Young Artists are Not Just a Sound Bite
Basquiat was a highly intelligent, teenage graffiti artist, known by other street artists as ”Samo,” His curated mark-making and sayings on public buildings around Manhattan were numerous and impossible to ignore due to his use of events, vocabulary and lettering. By the late 70s Basquiat had achieved a kind of cult status amongst the East Village hipsters. His choices were informed, intelligent, highly individualistic and not about claiming space but cultivating thought through careful placement and idea sharing. Eventually he began to use television images, comic-book heroes, fragments from the Bible, slogans; he appropriated it all into his work. Art at the time was intellectualized and devoid of humanity. When Basquiat took his work from the street to canvases inside galleries, he could barely keep up with the demand. His jazzy, improvisational paintings, influenced by masters like Matisse, Picasso and Twombly, breathed life back into a sterile art world. Especially his colorful triptych painting Notary, which was thirteen feet of words and images scrolling the panels connecting his own personal stories with pop culture.
Jean Michel Basquiat was born on December 22, 1960, and died August 12, 1988, at only 27 years old. The impact Basquiat made on contemporary art in the 1980s and thereafter is undeniably epic.
The American education system is known for producing the best and brightest minds in the world. Our curriculums’ push towards the study of math, science, technology, medicine and law. Our curriculum is losing its focus on the arts as a valuable piece to help our students invent, communicate and problem solve in creative ways. The arts and musical education are devalued and dismissed as a legitimate pathway to successful life. The arts matter! We must create more opportunities for young minds like Basquiat to grow and change the world.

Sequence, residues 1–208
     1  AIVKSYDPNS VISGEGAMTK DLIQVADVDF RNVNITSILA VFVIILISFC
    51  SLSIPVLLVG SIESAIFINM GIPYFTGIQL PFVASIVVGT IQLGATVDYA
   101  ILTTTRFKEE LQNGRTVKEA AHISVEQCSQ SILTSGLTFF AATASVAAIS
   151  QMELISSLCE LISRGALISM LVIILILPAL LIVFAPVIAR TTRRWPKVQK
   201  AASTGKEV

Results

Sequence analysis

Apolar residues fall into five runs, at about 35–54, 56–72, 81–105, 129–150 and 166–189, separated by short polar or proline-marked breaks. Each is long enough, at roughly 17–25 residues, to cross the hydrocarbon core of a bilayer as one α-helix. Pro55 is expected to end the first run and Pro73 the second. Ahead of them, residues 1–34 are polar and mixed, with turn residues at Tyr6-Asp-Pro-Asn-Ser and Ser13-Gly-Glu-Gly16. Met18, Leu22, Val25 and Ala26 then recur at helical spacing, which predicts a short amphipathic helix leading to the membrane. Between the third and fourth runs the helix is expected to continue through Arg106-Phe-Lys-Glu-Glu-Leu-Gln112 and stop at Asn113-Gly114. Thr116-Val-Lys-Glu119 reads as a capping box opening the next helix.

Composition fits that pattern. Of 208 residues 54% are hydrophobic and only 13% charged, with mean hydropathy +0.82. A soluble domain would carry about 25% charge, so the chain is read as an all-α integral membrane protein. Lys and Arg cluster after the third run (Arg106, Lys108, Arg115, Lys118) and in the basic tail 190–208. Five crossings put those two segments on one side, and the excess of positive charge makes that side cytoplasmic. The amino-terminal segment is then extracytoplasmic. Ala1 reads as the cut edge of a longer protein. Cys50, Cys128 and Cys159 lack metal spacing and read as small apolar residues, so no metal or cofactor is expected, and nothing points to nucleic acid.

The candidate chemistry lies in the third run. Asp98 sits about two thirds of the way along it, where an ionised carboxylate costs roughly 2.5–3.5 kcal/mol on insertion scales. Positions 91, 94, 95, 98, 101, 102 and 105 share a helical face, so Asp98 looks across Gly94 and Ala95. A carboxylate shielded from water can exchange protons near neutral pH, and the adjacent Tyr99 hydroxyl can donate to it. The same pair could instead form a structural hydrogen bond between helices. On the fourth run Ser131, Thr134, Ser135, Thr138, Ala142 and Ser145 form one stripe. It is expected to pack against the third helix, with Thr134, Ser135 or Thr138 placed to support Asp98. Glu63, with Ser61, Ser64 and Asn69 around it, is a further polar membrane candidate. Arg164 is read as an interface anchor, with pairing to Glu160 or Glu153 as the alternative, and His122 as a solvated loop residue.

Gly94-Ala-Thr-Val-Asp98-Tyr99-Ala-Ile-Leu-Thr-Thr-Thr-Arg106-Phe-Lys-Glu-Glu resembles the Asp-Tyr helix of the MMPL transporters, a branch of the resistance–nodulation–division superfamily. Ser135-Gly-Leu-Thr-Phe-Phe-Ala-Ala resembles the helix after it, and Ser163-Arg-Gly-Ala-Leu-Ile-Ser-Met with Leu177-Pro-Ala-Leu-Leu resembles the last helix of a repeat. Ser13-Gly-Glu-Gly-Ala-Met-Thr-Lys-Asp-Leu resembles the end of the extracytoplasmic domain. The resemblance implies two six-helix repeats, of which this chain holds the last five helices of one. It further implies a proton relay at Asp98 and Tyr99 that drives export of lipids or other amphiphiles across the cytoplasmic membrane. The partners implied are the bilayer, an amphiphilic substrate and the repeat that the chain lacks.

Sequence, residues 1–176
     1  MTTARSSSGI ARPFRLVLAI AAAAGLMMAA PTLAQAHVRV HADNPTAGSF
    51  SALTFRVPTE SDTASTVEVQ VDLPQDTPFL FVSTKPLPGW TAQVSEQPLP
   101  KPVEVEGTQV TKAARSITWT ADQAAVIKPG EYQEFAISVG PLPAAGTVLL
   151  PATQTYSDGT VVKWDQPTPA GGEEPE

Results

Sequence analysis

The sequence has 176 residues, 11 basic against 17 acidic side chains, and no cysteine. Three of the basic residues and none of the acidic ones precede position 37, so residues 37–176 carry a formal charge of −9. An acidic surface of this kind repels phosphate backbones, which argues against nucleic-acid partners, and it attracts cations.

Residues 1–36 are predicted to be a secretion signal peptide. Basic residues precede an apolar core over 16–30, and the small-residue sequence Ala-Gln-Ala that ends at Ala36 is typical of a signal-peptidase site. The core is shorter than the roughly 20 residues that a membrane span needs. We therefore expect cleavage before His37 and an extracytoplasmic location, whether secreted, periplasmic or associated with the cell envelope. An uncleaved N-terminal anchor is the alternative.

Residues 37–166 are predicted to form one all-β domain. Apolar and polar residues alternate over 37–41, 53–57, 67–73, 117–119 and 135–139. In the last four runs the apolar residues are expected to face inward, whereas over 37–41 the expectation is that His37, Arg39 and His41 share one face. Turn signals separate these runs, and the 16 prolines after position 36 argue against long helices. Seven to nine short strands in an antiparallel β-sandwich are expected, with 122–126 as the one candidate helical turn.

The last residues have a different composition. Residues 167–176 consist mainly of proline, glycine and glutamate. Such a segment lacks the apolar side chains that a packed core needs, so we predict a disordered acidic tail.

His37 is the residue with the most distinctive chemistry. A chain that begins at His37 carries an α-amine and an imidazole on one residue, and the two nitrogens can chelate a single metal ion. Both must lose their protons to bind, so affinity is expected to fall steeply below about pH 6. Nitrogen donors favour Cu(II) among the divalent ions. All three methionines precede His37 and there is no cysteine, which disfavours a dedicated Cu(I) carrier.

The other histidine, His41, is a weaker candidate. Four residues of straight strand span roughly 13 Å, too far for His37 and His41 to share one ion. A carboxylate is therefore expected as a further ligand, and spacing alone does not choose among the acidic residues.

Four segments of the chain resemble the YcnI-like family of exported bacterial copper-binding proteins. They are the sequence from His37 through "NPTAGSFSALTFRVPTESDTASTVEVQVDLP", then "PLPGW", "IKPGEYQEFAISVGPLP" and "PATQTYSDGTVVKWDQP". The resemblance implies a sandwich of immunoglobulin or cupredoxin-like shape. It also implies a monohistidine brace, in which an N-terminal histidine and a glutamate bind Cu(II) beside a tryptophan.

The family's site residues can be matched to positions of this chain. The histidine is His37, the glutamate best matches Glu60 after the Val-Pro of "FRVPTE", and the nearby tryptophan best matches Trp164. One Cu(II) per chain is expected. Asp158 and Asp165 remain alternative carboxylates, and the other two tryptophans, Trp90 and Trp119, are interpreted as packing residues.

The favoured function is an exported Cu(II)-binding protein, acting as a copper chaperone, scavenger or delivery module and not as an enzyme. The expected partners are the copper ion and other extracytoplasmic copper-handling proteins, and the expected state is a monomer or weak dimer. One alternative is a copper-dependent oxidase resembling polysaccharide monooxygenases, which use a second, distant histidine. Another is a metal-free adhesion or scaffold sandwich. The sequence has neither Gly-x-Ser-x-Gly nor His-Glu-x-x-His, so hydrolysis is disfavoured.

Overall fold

According to DoSomething.org, “Children who study a musical instrument are more likely to excel in all of their studies, work better in teams, have enhanced critical thinking skills, stay in school, and pursue further education. Much like expert technical skills, mastery in arts and humanities is closely correlated to high earnings.”
I know the arts help create community and transform academic spaces while maintaining cultural heritage and building voice. This is not a short quote, this is not a sound bite, the arts make America memorable, exciting and innovative. The arts will always be the secret ingredient the American educational system has over the rest of the world. Giving permission to think outside the box while exploring opportunities for youth to be creative is essential to being a better country. Together through art we will change the world.
Happy Youth Art Month…#dostuff and go make a difference!
To learn more about Andee Rudloff visit her website.